In politics, the party that controls Congress usually gets the lion's share of the campaign money.
WASHINGTON -- The key sponsor of a bill to raise the cap on member business lending said today it won't be a part of a small business lending bill that the House will take up next week.
Preparing for the November mid-terms, CUNA is stepping up its grassroots advocacy this month with what it calls a refined "partisan communication" campaign aimed at getting CU members to have more direct involvement with candidates.
What if the opposition party gains control of parts of government?
The Senate last Thursday overcame strong Republican opposition and passed comprehensive regulatory overhaul legislation 60 to 39. All but one of the 58 Senate Democrats supported the measure, and all but three of the chamber's 41 Republicans opposed it.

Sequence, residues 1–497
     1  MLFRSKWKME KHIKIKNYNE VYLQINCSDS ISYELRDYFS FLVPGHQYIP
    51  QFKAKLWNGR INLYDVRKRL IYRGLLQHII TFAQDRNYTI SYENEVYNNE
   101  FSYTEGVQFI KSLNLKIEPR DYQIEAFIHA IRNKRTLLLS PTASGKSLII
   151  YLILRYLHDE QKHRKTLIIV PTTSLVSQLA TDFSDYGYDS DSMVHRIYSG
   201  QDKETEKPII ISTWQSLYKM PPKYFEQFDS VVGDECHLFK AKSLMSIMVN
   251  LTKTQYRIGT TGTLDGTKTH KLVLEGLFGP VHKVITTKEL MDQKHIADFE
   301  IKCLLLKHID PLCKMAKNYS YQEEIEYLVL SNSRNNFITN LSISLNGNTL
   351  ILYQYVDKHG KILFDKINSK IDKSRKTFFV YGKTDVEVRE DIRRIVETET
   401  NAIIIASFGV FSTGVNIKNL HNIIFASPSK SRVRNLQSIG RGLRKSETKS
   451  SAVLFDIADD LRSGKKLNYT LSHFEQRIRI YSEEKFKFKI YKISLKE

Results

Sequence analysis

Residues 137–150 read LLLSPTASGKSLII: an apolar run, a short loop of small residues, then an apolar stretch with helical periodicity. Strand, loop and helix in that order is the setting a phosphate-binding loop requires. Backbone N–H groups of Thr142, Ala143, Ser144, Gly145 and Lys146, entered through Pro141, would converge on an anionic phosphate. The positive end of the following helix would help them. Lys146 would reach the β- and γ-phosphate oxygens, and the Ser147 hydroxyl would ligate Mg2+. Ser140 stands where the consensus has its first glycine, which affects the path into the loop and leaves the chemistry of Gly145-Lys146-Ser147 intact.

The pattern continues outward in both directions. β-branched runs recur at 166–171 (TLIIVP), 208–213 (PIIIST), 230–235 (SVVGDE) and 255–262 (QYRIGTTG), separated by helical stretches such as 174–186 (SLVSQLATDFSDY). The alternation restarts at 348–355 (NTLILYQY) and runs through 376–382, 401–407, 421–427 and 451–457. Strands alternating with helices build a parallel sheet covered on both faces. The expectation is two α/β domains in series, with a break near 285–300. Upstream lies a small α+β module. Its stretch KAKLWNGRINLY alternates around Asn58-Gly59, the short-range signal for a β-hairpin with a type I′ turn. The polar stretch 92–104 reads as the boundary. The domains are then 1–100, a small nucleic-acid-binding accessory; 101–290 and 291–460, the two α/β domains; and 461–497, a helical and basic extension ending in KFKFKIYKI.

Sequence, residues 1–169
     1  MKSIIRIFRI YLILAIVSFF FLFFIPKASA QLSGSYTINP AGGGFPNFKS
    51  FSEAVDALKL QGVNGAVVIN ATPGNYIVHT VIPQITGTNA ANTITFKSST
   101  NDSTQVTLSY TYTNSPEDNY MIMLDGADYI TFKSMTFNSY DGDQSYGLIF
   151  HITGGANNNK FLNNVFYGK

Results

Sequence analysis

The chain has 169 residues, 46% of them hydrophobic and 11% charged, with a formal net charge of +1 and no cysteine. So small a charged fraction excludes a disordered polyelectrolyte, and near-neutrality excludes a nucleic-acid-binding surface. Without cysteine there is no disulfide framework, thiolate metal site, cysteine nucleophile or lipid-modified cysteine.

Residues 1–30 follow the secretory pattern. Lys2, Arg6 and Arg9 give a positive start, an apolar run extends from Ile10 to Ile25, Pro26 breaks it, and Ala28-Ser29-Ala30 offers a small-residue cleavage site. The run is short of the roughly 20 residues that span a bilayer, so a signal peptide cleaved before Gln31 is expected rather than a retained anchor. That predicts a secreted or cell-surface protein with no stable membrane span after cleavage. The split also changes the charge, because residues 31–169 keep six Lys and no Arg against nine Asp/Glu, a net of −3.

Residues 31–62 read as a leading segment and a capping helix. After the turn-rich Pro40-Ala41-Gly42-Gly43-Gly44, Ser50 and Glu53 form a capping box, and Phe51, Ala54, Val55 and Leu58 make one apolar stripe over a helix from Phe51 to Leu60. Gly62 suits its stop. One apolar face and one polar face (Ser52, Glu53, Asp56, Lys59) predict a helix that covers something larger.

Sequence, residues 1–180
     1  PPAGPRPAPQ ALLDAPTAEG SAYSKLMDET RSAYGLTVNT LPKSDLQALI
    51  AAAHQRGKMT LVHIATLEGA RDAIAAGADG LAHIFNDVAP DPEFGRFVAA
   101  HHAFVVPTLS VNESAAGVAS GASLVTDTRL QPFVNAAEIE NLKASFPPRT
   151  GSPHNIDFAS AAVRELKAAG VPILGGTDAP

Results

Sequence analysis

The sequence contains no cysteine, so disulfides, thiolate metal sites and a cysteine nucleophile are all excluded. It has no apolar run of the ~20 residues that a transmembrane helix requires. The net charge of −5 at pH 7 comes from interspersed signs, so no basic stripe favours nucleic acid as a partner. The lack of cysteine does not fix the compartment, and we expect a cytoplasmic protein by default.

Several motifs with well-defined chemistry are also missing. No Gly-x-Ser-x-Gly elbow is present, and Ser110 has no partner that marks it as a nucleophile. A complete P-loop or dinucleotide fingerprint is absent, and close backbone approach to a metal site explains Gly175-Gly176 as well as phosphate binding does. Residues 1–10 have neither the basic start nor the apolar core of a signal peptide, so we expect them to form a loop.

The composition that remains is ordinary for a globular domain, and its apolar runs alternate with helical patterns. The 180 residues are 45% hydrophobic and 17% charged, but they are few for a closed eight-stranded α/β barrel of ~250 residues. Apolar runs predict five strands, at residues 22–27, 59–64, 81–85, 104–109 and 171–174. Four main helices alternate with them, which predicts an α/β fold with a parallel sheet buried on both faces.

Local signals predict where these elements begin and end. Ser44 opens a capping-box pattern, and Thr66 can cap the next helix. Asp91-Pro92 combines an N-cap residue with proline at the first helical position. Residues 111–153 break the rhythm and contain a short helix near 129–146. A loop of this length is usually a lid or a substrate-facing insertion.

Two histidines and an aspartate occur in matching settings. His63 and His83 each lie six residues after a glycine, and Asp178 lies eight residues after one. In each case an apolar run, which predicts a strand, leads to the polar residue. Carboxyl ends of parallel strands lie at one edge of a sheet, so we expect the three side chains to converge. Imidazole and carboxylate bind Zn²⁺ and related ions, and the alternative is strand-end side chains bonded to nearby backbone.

House and Senate Conferees agreed to a final version of the financial reform legislation that includes controversial language mandating the Federal Reserve to set debit card interchange rates at a "reasonable level."
The provisions giving the Federal Reserve the right to set interchange fees came a step closer to reality last night when Senate members of the House-Senate conference committee on financial overhaul accepted an offer made by House conferees.
NAFCU President/CEO Fred Becker said he and his organization are "greatly disappointed," by the House's proposal on interchange fees that keeps most of the language in the Senate-passed amendment.
The Federal Reserve would still have the power to regulate interchange fees though credit unions and banks with assets of $10 billion or less would be exempt and retailers would be expressly forbidden from discriminating among card types.
Accounts of up to $250,000 at credit unions and banks would be permanently insured beyond the current expiration date of 2013, as a result of an amendment approved late yesterday by the House-Senate conference committee on regulatory overhaul.